Non-Hodgkin lymphoma across the pediatric and adolescent and young adult age spectrum

J. T. Sandlund, M. G. Martin
2016 Hematology ASH Education Program  
The non-Hodgkin lymphomas (NHLs) occurring in children and adolescents and young adults (AYA) are characterized by various age-related differences in tumor biology and survival. Children generally present with high-grade lymphomas, such as Burkitt lymphoma, diffuse large B-cell lymphoma, lymphoblastic lymphoma, and anaplastic large cell lymphoma, whereas low-grade histologic subtypes, such as follicular lymphoma, occur more frequently with increasing age. Treatment outcome for children with NHL
more » ... r children with NHL is generally superior to that observed in adults. Factors contributing to this discrepancy include psychosocial factors, patient factors, and differences in tumor biology and therapy. These factors will be reviewed, with particular attention to the biological features of diffuse large B-cell lymphoma and anaplastic large cell lymphoma and corresponding therapeutic challenges. Novel targeting agents have been developed, which have been shown to be active in some patients. There is clearly a need for treatment protocols with eligibility criteria that cover the full span of the pediatric and AYA age range and that incorporate detailed molecular characterization of the tumors. Learning Objectives • To describe age-related biological differences in NHL occurring in the pediatric and AYA population (ages 1-39) • To describe current treatment approaches for NHL in children and adults, and to identify ongoing challenges in determining optimal treatment approach for the AYA population Patient factors. There are certain age-associated patient/host factors that can influence treatment outcome. The International Prognostic Index (IPI), which includes the patient's performance status, has been shown to have significant prognostic value for adults with NHL. 10 Although components of the IPI, such as lactate dehydrogenase (LDH), may have prognostic significance in children, performance status is not routinely used in planning therapy for those with newly diagnosed NHL in the pediatric age group. However, there are some inherited immunodeficiency conditions, such as ataxia-telangiectasia and X-linked lymphoproliferative syndrome, where specific treatment modifications need to be incorporated. Age-related pharmacokinetic challenges must be considered in treatment planning. In this regard, drug clearance may vary with age and the maximum tolerated dose for many cancer agents is higher in younger patients. 11 An example of this is the inability of older patients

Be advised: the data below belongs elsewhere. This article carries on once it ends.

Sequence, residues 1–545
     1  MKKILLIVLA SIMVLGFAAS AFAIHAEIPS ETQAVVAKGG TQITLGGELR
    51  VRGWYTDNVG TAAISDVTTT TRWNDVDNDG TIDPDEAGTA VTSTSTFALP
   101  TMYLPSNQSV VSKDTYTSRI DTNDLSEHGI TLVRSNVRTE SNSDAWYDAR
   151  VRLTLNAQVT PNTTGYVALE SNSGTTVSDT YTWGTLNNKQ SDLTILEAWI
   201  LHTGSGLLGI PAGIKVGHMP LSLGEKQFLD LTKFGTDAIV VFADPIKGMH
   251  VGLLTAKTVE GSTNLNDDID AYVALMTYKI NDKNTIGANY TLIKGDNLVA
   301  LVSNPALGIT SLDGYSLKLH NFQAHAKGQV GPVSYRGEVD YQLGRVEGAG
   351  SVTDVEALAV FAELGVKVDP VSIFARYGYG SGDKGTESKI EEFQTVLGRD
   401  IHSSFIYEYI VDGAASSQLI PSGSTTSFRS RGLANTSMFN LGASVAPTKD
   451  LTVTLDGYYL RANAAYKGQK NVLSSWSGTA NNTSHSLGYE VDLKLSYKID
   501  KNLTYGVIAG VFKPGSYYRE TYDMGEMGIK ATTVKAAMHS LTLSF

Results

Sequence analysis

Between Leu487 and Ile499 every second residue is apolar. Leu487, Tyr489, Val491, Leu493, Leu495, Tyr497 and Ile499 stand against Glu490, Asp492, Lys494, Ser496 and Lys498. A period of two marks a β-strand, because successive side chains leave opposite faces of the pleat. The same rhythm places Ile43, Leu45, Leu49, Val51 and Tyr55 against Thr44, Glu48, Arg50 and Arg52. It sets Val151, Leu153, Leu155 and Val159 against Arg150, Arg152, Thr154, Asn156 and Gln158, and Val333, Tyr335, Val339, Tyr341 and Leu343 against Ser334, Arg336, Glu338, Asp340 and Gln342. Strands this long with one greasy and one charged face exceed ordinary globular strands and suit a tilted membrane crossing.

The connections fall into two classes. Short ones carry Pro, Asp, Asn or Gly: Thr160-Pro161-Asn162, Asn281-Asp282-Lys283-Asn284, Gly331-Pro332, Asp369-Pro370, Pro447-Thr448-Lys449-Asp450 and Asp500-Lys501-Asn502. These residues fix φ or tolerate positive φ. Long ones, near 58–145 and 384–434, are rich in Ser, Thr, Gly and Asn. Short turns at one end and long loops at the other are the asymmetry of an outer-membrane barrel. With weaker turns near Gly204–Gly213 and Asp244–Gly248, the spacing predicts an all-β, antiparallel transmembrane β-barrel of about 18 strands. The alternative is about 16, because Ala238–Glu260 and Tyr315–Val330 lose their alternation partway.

doi:10.1182/asheducation-2016.1.589 pmid:27913533 fatcat:vrk5p7oxjnfebilhqf4s4qk5nq